Maine Congressman Charlie Winship has had a bad day. After being caught on video failing to stand and recite the pledge of allegiance, he knocks out another House member, confronts his ... See full summary »
A New York City narcotics detective reluctantly agrees to cooperate with a special commission investigating police corruption. However, he soon discovers that he's in over his head, and nobody can be trusted.
Walter Clark is destined to be the youngest police commissioner in the history of the NYPD. This is the story of how it came to be. It begins 7 years before he became commissioner, when he ... See full summary »
Great source for fascinating bio meets pitiful effort.
With the advent of time (15 years) after the late FBI Director's death, one would think this an agreeable amount of time to assess the triumphs and failures of such a figure. After all, he clung to power for 48 years in a city where anyone's career can be reduced to piffle in a matter of moments.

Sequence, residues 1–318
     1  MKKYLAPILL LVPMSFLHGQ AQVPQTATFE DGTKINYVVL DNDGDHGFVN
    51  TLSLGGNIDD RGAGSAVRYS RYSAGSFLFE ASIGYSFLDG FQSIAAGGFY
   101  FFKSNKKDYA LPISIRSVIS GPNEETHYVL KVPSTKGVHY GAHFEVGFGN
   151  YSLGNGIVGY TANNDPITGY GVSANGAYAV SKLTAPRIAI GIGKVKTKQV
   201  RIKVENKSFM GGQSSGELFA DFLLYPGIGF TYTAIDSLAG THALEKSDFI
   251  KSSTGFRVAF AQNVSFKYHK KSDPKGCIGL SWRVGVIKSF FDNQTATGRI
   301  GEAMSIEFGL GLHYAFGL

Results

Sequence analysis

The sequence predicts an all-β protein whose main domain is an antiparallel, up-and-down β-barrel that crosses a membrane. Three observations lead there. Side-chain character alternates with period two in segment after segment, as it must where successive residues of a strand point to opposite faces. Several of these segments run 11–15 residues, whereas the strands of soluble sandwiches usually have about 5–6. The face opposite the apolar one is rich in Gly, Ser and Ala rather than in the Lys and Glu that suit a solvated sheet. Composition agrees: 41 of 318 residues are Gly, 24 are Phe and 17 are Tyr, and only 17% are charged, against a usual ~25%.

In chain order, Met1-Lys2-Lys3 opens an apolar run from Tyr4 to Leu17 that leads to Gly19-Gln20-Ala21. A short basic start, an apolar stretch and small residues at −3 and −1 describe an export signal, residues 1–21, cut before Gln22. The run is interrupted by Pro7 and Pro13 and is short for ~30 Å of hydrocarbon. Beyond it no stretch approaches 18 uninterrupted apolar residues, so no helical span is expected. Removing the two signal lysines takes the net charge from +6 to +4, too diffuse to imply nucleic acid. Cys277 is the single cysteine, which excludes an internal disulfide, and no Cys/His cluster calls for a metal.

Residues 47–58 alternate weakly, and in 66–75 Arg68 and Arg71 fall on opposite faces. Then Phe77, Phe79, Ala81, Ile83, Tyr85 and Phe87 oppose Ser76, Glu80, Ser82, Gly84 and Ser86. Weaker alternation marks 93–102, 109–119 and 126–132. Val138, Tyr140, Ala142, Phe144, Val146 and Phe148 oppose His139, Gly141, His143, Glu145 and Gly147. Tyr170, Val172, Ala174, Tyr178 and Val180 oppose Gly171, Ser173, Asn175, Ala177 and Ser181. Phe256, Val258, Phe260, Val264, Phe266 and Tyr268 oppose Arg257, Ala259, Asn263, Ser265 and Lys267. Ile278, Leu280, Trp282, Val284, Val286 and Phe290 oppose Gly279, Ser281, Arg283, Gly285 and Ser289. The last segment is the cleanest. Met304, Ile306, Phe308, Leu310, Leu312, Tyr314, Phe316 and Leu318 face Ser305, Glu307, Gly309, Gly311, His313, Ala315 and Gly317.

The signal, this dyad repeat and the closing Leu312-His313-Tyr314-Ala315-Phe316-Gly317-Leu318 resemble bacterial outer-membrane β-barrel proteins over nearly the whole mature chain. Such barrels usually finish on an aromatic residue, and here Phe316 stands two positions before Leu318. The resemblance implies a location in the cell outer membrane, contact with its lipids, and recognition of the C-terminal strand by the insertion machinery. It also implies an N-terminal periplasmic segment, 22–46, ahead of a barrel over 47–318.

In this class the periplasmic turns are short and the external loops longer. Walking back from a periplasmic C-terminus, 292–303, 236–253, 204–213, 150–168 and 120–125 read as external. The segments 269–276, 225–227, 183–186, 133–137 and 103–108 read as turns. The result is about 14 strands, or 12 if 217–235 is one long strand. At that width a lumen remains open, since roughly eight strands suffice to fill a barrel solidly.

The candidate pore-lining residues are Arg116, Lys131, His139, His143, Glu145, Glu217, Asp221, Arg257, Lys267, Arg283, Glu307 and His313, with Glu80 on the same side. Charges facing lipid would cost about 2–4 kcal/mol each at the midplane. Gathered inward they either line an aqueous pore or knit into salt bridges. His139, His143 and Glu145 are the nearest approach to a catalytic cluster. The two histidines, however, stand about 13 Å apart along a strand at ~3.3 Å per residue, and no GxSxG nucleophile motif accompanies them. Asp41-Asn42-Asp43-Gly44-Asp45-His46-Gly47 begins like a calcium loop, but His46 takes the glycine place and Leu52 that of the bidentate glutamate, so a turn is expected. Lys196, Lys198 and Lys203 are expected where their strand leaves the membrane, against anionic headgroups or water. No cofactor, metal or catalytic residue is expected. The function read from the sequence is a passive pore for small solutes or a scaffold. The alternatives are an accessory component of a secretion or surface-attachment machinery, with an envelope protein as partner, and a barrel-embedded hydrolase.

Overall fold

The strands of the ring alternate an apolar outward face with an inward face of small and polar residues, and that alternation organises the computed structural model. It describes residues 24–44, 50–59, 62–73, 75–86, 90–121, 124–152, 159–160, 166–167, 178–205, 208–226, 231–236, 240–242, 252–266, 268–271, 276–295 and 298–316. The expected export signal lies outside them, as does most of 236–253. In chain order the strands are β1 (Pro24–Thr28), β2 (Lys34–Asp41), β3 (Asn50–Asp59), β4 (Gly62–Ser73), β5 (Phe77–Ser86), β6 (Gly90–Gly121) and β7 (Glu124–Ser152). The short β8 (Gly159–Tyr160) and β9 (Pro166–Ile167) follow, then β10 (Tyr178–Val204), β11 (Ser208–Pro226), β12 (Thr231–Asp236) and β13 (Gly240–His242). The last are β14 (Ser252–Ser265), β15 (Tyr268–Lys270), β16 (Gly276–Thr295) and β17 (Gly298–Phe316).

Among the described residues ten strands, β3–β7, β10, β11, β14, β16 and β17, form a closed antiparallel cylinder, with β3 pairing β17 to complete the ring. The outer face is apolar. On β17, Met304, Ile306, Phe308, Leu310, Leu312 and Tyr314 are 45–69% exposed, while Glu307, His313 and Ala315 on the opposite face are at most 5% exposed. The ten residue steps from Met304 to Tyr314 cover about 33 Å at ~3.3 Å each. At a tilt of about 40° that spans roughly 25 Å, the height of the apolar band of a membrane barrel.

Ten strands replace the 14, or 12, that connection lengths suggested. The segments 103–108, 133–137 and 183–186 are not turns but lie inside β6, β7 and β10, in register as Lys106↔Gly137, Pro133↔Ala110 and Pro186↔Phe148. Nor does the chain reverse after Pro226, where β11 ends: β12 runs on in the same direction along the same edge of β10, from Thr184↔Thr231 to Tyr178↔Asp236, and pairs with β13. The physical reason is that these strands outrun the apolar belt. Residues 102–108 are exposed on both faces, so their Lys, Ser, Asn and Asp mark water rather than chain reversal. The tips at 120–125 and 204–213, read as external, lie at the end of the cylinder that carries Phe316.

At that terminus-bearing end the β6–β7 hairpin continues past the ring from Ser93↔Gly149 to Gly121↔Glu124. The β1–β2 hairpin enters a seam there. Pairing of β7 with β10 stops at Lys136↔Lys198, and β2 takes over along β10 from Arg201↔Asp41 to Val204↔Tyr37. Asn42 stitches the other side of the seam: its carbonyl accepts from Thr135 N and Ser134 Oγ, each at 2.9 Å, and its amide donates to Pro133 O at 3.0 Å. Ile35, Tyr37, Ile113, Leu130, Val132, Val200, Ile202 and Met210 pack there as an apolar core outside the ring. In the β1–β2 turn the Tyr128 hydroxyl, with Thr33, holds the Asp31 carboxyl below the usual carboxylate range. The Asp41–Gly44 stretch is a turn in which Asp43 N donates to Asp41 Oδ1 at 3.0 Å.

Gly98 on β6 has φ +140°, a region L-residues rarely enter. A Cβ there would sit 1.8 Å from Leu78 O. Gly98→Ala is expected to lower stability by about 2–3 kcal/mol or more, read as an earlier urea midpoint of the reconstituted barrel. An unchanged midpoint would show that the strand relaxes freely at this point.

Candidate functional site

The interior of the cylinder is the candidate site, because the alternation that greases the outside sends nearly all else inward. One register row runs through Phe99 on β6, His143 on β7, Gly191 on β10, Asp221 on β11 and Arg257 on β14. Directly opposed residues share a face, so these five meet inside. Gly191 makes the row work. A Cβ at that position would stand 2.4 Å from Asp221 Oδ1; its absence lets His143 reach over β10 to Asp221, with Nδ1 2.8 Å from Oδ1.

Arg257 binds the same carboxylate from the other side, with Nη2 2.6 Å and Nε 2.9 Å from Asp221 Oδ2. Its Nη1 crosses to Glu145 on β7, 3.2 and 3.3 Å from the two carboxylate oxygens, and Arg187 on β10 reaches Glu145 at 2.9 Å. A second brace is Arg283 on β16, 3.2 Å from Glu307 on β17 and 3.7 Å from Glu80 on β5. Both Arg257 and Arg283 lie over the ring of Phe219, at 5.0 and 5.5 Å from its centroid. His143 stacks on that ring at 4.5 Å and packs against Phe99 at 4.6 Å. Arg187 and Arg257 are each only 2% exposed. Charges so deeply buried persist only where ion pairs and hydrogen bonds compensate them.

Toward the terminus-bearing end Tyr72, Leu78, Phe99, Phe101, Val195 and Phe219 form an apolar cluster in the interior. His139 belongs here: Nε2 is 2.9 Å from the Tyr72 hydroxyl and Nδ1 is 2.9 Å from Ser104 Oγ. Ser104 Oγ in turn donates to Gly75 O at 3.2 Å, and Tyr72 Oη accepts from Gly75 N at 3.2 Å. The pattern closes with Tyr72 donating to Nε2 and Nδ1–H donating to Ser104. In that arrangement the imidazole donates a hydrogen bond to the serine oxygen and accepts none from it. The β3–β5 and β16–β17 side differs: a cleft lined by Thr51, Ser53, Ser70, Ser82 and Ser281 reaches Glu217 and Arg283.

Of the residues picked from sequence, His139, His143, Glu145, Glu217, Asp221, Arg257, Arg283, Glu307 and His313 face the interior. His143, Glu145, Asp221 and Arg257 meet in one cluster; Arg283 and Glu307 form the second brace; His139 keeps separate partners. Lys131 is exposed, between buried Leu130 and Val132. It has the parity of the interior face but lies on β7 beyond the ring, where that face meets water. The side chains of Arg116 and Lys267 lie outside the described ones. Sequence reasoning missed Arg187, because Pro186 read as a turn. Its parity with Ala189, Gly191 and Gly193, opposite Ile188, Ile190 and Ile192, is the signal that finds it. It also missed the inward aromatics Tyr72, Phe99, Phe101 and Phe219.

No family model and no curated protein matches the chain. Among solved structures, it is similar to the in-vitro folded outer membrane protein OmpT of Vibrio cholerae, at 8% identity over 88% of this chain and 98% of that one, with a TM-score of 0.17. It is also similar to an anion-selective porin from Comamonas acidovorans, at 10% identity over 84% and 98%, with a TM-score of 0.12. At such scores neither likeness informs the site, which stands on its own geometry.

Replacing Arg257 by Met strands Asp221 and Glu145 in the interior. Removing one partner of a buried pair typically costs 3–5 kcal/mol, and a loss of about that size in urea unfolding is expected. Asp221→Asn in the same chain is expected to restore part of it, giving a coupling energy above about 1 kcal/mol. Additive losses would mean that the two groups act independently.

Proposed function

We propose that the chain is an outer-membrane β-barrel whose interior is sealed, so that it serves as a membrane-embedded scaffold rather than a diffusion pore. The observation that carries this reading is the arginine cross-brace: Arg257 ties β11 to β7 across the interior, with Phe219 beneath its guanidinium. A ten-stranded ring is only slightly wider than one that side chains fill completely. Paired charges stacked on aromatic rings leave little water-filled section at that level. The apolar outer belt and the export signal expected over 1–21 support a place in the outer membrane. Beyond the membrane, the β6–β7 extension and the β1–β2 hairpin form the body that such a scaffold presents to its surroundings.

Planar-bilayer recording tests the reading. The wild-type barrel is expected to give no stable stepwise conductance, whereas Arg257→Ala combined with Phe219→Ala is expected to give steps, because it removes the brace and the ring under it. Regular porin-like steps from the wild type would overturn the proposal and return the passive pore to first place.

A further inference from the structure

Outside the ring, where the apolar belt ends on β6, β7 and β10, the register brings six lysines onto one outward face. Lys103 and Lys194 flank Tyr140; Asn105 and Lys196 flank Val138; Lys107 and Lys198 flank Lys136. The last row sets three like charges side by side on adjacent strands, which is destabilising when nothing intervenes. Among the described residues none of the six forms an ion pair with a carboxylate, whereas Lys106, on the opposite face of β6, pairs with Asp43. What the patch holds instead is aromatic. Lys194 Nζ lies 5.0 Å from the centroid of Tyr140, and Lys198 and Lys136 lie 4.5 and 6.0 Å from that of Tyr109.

Why then, such a dull and lifeless biographical movie, as this? There's no insight, no private or public turmoil, no revelations, no interesting conjecture as to the why or wherefore pertaining to certain abuses, the nature of his relationship with Clyde Tolson, the Assistant Director of the FBI, etc.etc.
All we're allowed to see is the by-the-textbook timeline, following his rise and his death, and the President's he serves along the way. Nothing of real note here, unless you entertain yourself by comparing how much the actors look like the people they're supposed to be portraying.
An earlier made for tv movie, made in 1977, called "The Private Files of J. Edgar Hoover," rates far superior (and that's not saying much) to this. However, at least the latter is entertaining, which is more than can be said for this red herring.
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